5 Interesting Facts About Hay Fever That You Need to Know
Have you ever been enjoying a warm summer’s day in your yard or local park, only to notice that you can hear a lot of people sneezing? Have you wondered why people sneeze more in summer? There is a lot to do with drier air, but for as many as 75% or more of Americans, the cause is hay fever.
If you suffer from seasonal allergies that get worse in summer, you may want to spend as much time as you can indoors, away from all that pesky pollen. However, this may not be the way to treat hayfever, and it is well worth knowing a bit more about if you suffer from it.
So, here are five interesting facts about hay fever to get you started.
There Are Different Types
Hay fever is an umbrella term that describes any issue related to pollen in the air. So, if you sneeze when you are in a field of flowers, it’s likely you have hayfever.
However, rather than there being different variations of the allergy, there are different causes that can worsen someone’s symptoms. These include allergies to grass pollen, tree pollen, and weed pollen.
If you have hay fever in the early spring, the trees are to blame. If it worsens in summer, you likely have grass pollen, and if it carries on until early autumn, then you have weed pollen. Either way, all of these can be treated or managed with fexofenadine 120mg at chemistclick.co.uk.
There Is a Genetic Component
Sadly, if your mother, grandma, and older brother suffer from hay fever, for example, there is a greater likelihood that you will as well. Plus, if you have hayfever and have children, they are at a higher risk of developing it later in life.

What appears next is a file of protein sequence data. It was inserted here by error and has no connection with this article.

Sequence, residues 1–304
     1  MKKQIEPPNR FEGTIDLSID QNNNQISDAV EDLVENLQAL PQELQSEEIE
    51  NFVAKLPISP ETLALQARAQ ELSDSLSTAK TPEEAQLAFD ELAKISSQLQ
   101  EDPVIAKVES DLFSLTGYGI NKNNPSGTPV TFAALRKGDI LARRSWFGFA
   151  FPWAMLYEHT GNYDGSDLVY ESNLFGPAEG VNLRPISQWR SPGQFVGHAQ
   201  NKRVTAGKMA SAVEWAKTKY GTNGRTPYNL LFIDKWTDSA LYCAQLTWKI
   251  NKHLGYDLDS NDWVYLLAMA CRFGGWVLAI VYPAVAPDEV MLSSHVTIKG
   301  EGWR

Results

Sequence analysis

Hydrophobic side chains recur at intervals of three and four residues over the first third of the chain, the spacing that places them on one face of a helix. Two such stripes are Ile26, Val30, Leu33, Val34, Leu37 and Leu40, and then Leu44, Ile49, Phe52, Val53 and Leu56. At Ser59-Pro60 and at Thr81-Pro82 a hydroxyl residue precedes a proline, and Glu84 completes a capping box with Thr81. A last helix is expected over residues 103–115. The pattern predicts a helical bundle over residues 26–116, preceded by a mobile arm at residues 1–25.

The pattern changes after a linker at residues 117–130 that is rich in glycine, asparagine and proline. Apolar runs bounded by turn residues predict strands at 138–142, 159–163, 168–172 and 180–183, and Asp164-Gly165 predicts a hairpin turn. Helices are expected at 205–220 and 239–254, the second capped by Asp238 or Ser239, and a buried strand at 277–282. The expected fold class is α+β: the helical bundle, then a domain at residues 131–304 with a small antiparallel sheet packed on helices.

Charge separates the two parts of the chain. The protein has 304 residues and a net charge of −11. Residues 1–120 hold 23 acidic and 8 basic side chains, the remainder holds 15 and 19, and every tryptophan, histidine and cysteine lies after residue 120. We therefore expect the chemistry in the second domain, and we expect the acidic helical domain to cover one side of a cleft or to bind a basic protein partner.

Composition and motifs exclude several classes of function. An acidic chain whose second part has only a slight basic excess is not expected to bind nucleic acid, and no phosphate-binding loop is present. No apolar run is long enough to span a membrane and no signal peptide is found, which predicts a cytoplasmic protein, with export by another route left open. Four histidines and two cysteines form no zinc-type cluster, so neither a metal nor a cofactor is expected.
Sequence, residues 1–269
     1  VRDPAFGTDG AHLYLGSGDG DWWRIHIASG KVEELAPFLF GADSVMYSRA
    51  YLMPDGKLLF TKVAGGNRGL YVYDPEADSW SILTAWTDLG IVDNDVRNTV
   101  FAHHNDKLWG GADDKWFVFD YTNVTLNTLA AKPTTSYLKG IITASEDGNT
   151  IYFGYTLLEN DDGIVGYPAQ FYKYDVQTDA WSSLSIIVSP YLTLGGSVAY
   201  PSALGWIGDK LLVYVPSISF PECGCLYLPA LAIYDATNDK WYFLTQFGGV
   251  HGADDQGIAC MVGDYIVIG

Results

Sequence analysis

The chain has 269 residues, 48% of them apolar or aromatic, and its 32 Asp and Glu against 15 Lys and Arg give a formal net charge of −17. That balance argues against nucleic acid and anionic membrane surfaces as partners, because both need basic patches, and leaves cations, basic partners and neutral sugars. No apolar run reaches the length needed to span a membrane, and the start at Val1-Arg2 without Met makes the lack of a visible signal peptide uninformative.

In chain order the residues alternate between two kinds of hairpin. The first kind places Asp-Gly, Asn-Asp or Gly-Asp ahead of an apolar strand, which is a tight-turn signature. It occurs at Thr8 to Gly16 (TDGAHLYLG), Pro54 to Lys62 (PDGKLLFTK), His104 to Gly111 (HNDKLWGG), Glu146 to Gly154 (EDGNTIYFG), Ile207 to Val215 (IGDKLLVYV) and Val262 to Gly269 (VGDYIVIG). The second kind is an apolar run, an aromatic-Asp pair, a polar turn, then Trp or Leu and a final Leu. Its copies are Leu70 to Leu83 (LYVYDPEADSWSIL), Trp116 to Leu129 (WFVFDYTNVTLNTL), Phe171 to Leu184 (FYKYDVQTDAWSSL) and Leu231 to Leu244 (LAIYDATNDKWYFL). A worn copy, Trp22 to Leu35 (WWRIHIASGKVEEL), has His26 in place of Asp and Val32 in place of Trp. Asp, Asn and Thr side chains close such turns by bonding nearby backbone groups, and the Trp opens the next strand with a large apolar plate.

Not only that, but there is a link between an incidence of hay fever and suffering from other allergies too.
It Has a Higher Prevalence in Certain Countries
Interestingly, on a global scale, there are differences in how prevalent hay fever is. For instance, in the UK, there is a higher allergy per 100 people to grass pollen and tree pollen; whereas in the United States, there is less grass pollen and tree pollen; so fewer people suffer from hayfever per 100. In Austria, more people suffer from weed-based pollen allergies.
It Rarely Occurs on Its Own
As hinted at earlier, hay fever rarely occurs on its own and is linked to a higher incidence of allergies overall.
However, researchers into hay fever have found a link between hayfever, asthma, and eczema. These are all conditions under the umbrella of atopy allergies; so if you suffer from asthma, you have a higher risk of developing eczema and hayfever.
It’s Not Even the Pollen
You have a runny nose and itchy throat caused by your neighbor’s flowers. Interestingly, it is not the pollen that is causing these symptoms, but you, yourself. Histamines, which cause the symptoms of hay fever, are a natural response when the body feels it is under threat and seeks to remove the offending intruder via sneezing and coughing, much like the common cold. So, to treat pollen-based allergies, your best bet is to opt for antihistamines.